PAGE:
OAuth2 is confusing. I’ve set it up several times before, and each time I encounter it it’s a bit of a mental mess to wrap my mind around it again.
So, this time, as I set up OAuth2 to let Bieber Bot interact with more Slack workspaces, I will write up my renewed understanding of OAuth2 in the hope that next time I have to set up OAuth2, it’s a little easier.
The user wants to add Bieber Bot to a Slack channel. So, they’re on my website (davidbieber.com) and they click the Add to Slack button. This takes them to Slack, with GET parameters that indicate they want to add Bieber Bot to some Slack workspace. The workspace id can be part of the URL of the Add to Slack button, but even if it’s not, Slack will do the right thing and just ask the user to choose one of their workspaces. If the user isn’t already logged in to Slack, they’ll be prompted to do so at this point.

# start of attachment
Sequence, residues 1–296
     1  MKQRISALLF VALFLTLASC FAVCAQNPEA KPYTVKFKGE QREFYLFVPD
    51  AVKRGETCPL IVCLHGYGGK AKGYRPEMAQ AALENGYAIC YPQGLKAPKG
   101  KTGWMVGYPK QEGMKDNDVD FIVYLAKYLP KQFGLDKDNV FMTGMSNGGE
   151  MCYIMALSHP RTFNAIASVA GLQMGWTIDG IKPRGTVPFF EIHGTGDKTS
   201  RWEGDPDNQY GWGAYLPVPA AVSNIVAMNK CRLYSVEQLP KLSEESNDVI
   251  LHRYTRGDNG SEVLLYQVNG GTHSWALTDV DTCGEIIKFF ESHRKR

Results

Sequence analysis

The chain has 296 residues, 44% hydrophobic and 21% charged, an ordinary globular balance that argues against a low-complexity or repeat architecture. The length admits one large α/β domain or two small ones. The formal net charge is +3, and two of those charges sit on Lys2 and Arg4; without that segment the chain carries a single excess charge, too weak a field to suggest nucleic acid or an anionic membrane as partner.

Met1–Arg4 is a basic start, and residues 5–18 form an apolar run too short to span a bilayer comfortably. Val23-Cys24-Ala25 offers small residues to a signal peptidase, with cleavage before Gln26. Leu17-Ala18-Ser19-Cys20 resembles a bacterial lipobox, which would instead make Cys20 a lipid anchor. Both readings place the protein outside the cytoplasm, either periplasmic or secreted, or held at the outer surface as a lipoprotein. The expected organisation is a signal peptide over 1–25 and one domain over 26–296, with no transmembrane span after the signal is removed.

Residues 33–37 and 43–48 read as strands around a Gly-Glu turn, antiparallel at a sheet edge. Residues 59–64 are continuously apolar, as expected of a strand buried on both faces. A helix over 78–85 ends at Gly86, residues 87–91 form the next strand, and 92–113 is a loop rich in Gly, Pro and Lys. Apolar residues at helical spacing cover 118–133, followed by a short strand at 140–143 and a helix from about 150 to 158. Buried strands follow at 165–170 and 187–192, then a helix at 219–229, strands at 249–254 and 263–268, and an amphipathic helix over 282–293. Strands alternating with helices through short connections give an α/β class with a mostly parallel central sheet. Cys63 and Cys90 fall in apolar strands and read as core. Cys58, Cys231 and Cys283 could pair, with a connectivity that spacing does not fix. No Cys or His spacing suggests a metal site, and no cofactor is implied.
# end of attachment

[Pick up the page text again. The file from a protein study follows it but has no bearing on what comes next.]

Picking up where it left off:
After the user clicks the Add to Slack button they are taken to Slack, where they are shown the list of OAuth2 scopes that Bieber Bot is requesting. If they approve giving Bieber Bot the permissions listed in the scopes, they are taken to a redirect url that I, the developer of Bieber Bot, have specified. I have both pre-informed Slack of the redirect URLs I might use, and I have included a specific redirect URL in the link on the Add to Slack button. When the user is redirected to this redirect url, two GET parameters are included. The first is a code, which my server can use to get an Access Token / Bearer Token. The second is a state which is something that I, the developer, can include on the original link from the Add to Slack button in order to make sure the request I’m getting at the redirect URL is genuine.